A ligament is a band of connective or fibrous tissue that connects two bones in a joint; the cranial cruciate ligament is the ligament that connects the thigh bone with the lower leg bone - it helps to stabilise the stifle joint. Cranial cruciate ligament disease, also referred to as the anterior cruciate ligament (ACL), is the sudden (acute) or progressive failure of the cranial cruciate ligament, which results in partial to complete instability of the stifle joint. Cranial cruciate rupture is the tearing of the cranial cruciate ligament, it is the most common cause of rear-leg lameness in dogs and a major cause of degenerative joint disease (progressive and permanent deterioration of joint cartilage) in the stifle joint; rupture may be partial or complete.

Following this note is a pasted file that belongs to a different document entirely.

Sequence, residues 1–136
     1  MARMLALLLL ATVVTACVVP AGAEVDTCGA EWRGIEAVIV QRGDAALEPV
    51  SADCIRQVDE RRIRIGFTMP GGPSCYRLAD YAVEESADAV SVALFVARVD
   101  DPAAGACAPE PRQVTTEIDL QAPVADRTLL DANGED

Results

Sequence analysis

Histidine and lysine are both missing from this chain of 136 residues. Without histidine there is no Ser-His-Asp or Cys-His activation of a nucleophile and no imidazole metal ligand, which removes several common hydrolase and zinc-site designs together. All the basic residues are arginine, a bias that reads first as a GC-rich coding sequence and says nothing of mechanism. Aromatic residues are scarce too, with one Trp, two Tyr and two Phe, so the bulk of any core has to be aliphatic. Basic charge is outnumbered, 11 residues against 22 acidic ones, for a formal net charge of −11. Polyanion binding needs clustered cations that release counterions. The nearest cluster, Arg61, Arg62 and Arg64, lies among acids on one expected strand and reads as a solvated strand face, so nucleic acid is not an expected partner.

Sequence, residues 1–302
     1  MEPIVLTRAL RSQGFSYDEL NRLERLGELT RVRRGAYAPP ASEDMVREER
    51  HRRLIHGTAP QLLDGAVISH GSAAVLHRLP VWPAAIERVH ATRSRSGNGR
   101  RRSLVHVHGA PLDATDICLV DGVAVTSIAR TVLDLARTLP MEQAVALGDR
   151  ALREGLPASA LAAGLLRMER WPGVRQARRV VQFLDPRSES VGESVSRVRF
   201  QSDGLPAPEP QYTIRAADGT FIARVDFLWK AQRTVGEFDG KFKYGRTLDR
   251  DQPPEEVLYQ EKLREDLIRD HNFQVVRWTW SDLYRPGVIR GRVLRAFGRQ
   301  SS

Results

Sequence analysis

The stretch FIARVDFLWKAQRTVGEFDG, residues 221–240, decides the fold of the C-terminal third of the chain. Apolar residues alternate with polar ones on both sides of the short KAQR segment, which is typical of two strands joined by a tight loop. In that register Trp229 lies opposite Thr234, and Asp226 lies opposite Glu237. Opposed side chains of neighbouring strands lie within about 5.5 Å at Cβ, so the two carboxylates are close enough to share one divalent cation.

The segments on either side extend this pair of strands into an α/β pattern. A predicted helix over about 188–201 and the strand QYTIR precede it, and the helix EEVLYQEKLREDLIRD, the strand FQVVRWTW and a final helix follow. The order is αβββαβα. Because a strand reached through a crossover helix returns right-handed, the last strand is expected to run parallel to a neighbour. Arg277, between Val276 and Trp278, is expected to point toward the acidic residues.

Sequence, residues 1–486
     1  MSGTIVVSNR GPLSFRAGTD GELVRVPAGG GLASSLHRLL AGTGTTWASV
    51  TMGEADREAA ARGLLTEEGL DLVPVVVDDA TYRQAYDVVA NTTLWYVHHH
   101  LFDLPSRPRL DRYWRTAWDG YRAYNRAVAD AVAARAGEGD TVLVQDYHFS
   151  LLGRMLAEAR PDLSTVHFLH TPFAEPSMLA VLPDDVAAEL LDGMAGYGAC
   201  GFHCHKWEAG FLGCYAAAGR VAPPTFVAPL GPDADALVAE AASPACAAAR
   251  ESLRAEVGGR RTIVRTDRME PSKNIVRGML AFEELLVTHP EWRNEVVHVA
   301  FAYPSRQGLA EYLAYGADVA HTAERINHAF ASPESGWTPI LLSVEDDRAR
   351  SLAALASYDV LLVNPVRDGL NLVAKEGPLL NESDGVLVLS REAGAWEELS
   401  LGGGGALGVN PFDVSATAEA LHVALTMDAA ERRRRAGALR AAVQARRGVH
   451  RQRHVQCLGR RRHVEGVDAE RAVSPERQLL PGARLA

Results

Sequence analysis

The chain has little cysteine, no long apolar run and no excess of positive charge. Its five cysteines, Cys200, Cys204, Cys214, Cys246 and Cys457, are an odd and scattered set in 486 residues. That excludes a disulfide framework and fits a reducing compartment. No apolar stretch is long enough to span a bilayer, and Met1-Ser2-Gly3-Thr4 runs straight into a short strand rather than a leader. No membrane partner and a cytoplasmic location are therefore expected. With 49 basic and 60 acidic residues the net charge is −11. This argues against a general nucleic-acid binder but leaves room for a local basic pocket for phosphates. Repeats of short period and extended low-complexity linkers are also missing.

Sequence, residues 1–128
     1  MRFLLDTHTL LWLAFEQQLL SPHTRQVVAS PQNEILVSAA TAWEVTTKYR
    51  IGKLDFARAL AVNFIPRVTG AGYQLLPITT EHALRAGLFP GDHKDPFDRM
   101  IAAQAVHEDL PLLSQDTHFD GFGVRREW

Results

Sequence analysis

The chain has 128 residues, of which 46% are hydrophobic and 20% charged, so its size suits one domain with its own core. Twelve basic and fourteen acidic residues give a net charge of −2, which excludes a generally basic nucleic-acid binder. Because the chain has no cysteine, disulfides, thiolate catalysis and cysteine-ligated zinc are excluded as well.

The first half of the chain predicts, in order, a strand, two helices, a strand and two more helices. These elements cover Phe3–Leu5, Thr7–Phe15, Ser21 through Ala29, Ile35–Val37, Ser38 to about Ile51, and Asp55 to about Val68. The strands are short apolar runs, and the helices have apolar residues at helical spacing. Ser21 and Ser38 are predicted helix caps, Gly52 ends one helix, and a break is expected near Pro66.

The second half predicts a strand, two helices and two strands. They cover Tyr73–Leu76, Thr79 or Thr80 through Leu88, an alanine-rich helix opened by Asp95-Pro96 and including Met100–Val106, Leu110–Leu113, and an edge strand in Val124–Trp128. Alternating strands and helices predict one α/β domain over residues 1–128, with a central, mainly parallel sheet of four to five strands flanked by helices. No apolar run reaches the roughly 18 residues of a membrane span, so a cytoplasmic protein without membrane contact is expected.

The MMP surgery involves making a cut down the bone (osteotomy) then gradually levering the bone forward which changes the angle of the patella ligament and re-adjusts the mechanics of the joint. The bone is fixed in its new position by inserting a titanium mesh wedge which has a pin drilled through it and finally a staple placed to add stability to the bone. The titanium wedge uses innovative technology which allows the implant to become part of the bone rather than attached to the bone.
Post-operative recovery involves strict lead exercise only for 4-6 weeks and possibly physiotherapy to aid a full return to fitness.